LumberJocks

Office Cabinet #8: Some Assembly Required - Slow progress

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Blog entry by Tom posted 04-19-2021 06:33 PM 664 reads 0 times favorited 5 comments Add to Favorites Watch
« Part 7: Face Frame: The fix is in... Part 8 of Office Cabinet series Part 9: Doors and Design »

Not much time this past weekend. The weather is getting nice in NJ. But I was able to assemble the pieces for the cabinet case. Decided to sand the inside of the case before assembly. I don’t use a lot of power tools, but a palm sander is a really good one for me. I did a little bit of cleanup with the plane on the edges to make sure everything was level and square and clean before glueing up. I also removed the stupid stickers from the home center (gosh, I hate those things). A card scraper is helpful to clean off the pencil marks and touch up some rough patches.

Glue up went fine. First the back went on in the morning and then the face frame in the afternoon. I think I was a bit light on the clamps for the back and then overcompensated on the face frame. It came together fine with a slight overhang that I planed off the next day. Now it looks like an actual cabinet taking shape. The doors will be next.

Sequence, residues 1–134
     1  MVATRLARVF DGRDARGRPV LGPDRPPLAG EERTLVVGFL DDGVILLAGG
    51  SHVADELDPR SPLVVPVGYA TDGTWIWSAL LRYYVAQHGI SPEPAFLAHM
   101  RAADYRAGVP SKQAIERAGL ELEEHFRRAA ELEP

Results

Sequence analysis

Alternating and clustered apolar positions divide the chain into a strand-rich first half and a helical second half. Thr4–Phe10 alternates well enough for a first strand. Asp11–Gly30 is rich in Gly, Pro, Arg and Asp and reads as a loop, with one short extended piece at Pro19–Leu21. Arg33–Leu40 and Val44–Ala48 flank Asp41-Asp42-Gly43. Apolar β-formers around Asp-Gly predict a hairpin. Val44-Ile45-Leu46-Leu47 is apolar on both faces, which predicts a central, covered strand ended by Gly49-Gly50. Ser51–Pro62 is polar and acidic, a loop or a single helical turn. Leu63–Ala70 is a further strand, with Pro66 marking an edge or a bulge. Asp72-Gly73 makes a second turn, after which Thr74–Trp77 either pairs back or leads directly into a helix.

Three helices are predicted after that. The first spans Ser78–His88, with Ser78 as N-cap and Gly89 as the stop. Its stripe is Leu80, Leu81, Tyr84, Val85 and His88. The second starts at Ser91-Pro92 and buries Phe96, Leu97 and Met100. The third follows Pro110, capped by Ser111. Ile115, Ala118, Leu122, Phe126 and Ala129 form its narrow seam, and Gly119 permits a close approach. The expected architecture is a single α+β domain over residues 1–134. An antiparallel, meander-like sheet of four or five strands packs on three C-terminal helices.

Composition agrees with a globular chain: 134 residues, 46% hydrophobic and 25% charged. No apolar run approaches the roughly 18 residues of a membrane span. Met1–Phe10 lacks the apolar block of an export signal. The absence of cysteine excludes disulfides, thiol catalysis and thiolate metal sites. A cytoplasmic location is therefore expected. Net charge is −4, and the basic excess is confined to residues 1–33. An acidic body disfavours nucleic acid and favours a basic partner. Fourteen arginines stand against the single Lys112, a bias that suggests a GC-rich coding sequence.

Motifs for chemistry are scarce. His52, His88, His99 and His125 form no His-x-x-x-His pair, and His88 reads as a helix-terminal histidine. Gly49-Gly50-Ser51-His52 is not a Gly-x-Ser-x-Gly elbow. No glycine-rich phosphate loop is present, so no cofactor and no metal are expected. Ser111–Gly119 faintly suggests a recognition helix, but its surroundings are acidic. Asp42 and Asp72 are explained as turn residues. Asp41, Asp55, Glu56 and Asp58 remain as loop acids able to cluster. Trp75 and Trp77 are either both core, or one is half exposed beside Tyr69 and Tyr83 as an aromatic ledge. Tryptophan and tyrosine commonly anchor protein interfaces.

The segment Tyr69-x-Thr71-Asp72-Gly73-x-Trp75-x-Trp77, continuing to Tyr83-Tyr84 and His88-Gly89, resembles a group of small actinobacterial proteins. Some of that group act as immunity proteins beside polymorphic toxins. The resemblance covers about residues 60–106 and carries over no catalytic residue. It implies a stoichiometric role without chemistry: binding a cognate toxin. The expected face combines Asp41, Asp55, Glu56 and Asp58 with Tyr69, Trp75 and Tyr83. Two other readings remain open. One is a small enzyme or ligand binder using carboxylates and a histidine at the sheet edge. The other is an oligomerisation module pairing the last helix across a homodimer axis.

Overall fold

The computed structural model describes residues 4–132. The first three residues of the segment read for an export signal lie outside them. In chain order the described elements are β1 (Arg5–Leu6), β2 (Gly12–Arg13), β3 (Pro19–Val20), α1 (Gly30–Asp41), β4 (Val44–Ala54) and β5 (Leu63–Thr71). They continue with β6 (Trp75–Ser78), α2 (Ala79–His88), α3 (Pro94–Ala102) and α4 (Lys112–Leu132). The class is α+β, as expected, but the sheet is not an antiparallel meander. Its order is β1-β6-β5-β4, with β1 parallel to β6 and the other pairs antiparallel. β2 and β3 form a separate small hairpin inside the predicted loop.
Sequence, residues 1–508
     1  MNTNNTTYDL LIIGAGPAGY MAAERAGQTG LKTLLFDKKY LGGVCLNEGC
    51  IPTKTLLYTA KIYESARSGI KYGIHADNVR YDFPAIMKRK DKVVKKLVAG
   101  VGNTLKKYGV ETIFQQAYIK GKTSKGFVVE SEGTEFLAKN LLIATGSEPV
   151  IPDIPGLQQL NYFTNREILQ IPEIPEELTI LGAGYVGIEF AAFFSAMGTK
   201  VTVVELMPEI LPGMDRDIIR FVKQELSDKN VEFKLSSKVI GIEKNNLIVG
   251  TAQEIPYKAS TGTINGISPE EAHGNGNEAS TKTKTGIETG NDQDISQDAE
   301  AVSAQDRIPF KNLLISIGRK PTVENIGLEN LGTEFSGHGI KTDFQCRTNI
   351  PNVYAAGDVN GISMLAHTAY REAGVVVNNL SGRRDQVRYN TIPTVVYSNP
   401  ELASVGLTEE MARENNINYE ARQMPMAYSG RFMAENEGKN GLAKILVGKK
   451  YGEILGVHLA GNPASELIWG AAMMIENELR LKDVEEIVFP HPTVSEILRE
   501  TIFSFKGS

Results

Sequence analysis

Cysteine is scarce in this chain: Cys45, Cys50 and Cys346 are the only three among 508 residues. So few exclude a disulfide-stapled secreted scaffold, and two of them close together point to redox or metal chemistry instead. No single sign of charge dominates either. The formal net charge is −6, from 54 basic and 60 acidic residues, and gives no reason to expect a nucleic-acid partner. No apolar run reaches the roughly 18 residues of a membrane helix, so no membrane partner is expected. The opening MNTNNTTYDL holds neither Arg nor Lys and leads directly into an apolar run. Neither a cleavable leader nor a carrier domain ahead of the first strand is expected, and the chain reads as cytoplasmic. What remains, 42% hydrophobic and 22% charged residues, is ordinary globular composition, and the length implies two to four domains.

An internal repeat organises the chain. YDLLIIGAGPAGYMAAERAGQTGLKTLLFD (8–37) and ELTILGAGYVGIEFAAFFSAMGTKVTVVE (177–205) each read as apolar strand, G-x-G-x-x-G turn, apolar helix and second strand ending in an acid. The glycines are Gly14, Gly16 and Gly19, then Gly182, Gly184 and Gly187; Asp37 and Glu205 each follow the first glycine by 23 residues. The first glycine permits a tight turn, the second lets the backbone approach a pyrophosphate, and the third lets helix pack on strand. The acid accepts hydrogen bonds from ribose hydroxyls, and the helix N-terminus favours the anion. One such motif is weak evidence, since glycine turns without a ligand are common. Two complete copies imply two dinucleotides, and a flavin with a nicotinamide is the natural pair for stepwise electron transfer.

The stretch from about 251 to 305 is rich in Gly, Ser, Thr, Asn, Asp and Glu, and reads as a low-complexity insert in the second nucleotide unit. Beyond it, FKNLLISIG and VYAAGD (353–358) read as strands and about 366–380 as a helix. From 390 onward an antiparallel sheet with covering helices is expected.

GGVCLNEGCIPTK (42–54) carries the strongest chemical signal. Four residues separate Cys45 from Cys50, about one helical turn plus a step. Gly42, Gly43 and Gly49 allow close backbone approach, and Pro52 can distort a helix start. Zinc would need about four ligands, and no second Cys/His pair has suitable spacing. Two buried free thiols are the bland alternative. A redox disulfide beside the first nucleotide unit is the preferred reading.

Here are a few pics for your amusement. Thanks for checking it out. :)

-- Tom



5 comments so far

View Oldtool's profile

Oldtool

3220 posts in 3277 days


#1 posted 04-19-2021 07:09 PM

Looking good. I like the frame and panel back, allows for wood movement plus adds a great deal of rigidity to the case.

Curiosity question, you indicate a preference for hand tools, with machine tools for stock prep, any reason you don’t finish with a smoothing plane as opposed to the orbital sander?

-- "I am a firm believer in the people. If given the truth, they can be depended upon to meet any national crisis. The point is to bring them the real facts." - Abraham Lincoln

View Tom's profile

Tom

269 posts in 978 days


#2 posted 04-19-2021 07:32 PM

Oldtool – I think the smoothing plane is a good final step to take out surface imperfections, pitting or some tearout. This goes along with the card or cabinet scraper. But I usually sand to 220 grit for staining and finishing. The smooth plane can create a burnished surface that does not absorb the finish as well as a sanded surface. That’s just my two cents. It has been working pretty well for me.

-- Tom

View Arcola60's profile

Arcola60

115 posts in 3470 days


#3 posted 04-19-2021 10:32 PM

As always, excellent work, sound fundamentals, and expert description on how and why you work as you do.
Thank you very much for sharing your knowledge, and experience with us!

Ellery Becnel

View Tom's profile

Tom

269 posts in 978 days


#4 posted 04-19-2021 10:55 PM

Ellery – thanks for the nice comments. I’m glad your enjoying it. :)

-- Tom

View lightweightladylefty's profile

lightweightladylefty

3647 posts in 4799 days


#5 posted 04-20-2021 05:12 AM

Tom,

The cabinet is looking great!

L/W

-- “Those who would give up essential Liberty, to purchase a little temporary Safety, deserve neither Liberty nor Safety.” Benjamin Franklin -- Jesus is the ONLY reason for ANY season.

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